Being Busy Bees

  • July 11, 2013
  • Tera Rowland

Speech and Language Summer ActivitiesThe summer time is a challenge to find balance with fun and practicing skills. Often, families are away on vacations, kids are in camp, and the lure of playing outside trumps speech and language practice. The truth is that all of these summer time distractions mean that speech and language gets pushed aside by children because they are focused on time with their families. This means that it is even more important to make sure to practice and create ways to incorporate this at home. Let’s embrace the busy bee theme and use it as a way to stay focused during the busy summer.

Busy Bee Word Practice for Home

Kids adore making something special and taking it home with them. Easy Child Crafts has a great project that could be made during a session. This fun little bee created from a tube would make the perfect practice container for children to bring home to their families. To make this you will need a toilet paper roll, yellow/black/white/peach card stock, scissors, stapler, glue, and the template found on their post.

Follow the step-by-step directions posted there, but add two additional items. Create a top and bottom for the bee’s body (the tube section). This will allow the body of the bee to become a storage area for words. Make some honeycomb (hexagon) shapes or coins with honeycomb pictures on it to use. These shapes will be practice cards for children to take home. You can have them glue on pictures, word groups, questions, or other skills that they are working on. Since these are going home to utilize, consider taking time to have translations of the words/items on the reverse side. This will assist everyone in helping and also familiarize the children in the importance of their multilingual identity.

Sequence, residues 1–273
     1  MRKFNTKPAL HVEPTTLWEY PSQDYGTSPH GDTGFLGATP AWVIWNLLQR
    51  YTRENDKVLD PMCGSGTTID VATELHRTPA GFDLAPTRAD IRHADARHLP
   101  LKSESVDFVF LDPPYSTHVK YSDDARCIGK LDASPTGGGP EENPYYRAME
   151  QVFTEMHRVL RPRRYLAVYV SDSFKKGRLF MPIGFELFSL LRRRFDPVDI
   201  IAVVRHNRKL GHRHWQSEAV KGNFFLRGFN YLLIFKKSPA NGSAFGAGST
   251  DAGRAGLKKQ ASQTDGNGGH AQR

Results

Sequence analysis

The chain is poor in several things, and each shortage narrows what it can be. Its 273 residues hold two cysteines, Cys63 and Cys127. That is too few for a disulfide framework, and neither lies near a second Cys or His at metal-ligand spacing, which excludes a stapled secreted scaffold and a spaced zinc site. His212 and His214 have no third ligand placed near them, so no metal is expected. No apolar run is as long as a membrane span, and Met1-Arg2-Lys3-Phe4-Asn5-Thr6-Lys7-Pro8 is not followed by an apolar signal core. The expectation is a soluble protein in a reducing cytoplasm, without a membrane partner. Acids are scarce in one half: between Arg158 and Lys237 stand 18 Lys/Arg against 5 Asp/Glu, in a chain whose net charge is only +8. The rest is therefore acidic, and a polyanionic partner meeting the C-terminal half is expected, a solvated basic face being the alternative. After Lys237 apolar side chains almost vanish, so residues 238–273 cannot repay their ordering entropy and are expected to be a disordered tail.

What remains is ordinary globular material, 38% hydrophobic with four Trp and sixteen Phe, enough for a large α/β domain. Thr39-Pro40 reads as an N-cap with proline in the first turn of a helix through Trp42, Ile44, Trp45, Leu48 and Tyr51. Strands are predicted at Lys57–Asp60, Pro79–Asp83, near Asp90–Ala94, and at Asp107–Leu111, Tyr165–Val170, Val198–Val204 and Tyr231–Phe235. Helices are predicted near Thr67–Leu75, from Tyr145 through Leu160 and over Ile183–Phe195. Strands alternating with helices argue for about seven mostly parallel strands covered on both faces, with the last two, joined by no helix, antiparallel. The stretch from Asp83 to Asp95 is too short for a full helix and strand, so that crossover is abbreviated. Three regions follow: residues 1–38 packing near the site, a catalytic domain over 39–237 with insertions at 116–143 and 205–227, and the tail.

Creative Honeycomb Time

Take some time to talk about bees and where they live. Since children often see them during the summer months, this can be an interesting subject. Two books that explain a lot about these busy critters are:

  • Are You a Bee? (Backyard Books) by Judy Allen
  • In the Trees, Honey Bees!  by Lori Mortensen

Have some hexagon shaped stencils for the children to use on yellow paper. These will be their individual honeycomb sections that will made up a larger beehive. Rather than write words on these shapes, they will be partially glued down to create a flap that will open to show an item inside.  Depending on what students are working on, this will allow you to be flexible with what goes under the hexagons. You could have vocabulary in words or pictures, questions, phrases, or strictly articulation focused. Model a project and show them how the hexagons are placed in such a way that they create a word hive. When finished with this, allow time to draw bees, flowers, and other items around the honeycombs. This can be sent home as another way to practice words and share what they made. Remember to practice talk time when making the items where kids can walk you through what they are making for conversational skills.

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